How Long Do Running Shoes Last?

The lifespan of your running shoes depends on many factors, including the type of shoe, your weekly mileage, your speed, your weight, and your gait. To help improve running shoe lifespan, i’s important to learn how to maintain your running shoes, but it’s also important to recognize the signs of you needing a new pair.

How do I know if my shoes are too old?

Most of us at the ‘House know it’s time to replace a shoe based on how we feel on the run. Be sure to notice the condition of your shoes and how you feel when you’re running in them. If you’re experiencing any joint, bone or muscular pain when running in a pair of shoes, it’s definitely time to let them go. And if you see significant signs of wear (the upper or outsole separating from the midsole, the heel cup starting to develop a hole, etc.), it’s probably time to make a change.

Here’s what a few staffers have to say:

“I run in all kinds of shoes, about 40-50 miles per week. I can usually put at least 600 miles on a traditional trainer, and maybe 400-500 on something more elemental. I know it’s time for a new shoe when my feet and knees start getting tired and achy when I’m running.” – Juli

“I’m typically in a traditional trainer, and I can push 600 miles in many shoes. I know it’s time for a new shoe if I blow through the upper of the shoe by the big toe. I would say around that time the shoe starts feeling dead and significant wear has be placed on the outsole” – Daniel

“I run in a traditional trainer. I don’t keep a mileage log, but when I’m running regularly I’ve found that I can wear a shoe for eight to ten months. I know I need a new shoe when the outsole is worn down and the shoe stops feeling as cushioned and supportive as it used to.” – Kristin

“I typically choose running shoes that fall somewhere between elemental and traditional, and I can usually get 400-500 miles out of a shoe. I know I need new shoes when the shoes have that distinct ‘dead’ feeling and don’t feel like they used to.” – Taro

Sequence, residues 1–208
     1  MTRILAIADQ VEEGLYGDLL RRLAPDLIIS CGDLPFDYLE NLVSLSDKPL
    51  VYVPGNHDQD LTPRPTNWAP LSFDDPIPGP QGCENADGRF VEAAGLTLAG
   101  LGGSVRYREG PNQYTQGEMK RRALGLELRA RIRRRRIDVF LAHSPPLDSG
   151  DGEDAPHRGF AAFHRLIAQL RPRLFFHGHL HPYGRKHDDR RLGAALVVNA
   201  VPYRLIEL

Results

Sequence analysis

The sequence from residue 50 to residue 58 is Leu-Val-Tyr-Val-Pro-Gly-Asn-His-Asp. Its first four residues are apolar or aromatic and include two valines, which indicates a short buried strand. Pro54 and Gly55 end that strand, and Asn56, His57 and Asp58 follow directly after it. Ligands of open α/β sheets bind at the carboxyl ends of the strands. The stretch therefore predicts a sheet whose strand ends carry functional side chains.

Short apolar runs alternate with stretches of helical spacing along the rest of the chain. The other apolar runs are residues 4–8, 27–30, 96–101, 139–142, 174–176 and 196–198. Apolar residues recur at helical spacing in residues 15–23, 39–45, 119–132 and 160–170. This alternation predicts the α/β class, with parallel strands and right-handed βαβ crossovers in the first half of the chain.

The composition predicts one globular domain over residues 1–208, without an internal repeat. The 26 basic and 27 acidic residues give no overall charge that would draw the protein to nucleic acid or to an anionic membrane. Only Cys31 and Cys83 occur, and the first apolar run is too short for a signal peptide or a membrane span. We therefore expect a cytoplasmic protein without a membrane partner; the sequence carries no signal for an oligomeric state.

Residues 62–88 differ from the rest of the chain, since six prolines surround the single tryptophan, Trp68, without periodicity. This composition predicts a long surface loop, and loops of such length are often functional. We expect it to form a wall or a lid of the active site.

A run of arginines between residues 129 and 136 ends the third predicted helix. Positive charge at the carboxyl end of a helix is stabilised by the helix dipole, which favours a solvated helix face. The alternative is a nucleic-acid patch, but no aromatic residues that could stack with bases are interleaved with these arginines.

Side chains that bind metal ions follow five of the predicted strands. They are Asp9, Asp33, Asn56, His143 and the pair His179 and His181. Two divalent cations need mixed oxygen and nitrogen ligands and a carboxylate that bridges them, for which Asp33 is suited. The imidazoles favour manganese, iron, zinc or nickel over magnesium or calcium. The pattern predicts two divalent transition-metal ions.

What tips do you have for determining when it’s time to trade out your running shoes?

  • Jim

    I know it’s time to switch out shoes when my knees and legs start aching during or after a run. Usually that’s around 500 miles.

  • David Weeks

    I usually get close to 400 miles, but I have heard that many runners now get far less with the likes of the softer midsoles on shoes like the Asics 33 series shoes? I have avoided those for that exact reason..

  • Adam

    I’m a big guy & it sucks for shoe wear. 230lbs – around 25-30 miles a week. I wear zero drop shoes and since they’re fairly low on material they die after about 200 miles. It’s extremely noticeable. It goes from feeling both cushioned and springy to feeling like I’m running on a flat inner tube. It’s very obvious and my average times increase by about 30 seconds a mile almost instantly.

  • Runner 41

    I get toe holes and started using Shoe Armour.
    Shoe Armour is the only shoe hole prevention insert designed specifically to eliminate toe holes in running and athletic shoes. The can be used in any brand of shoe and you can’t even tell they’re in your shoe.

    You can find it on at the following link: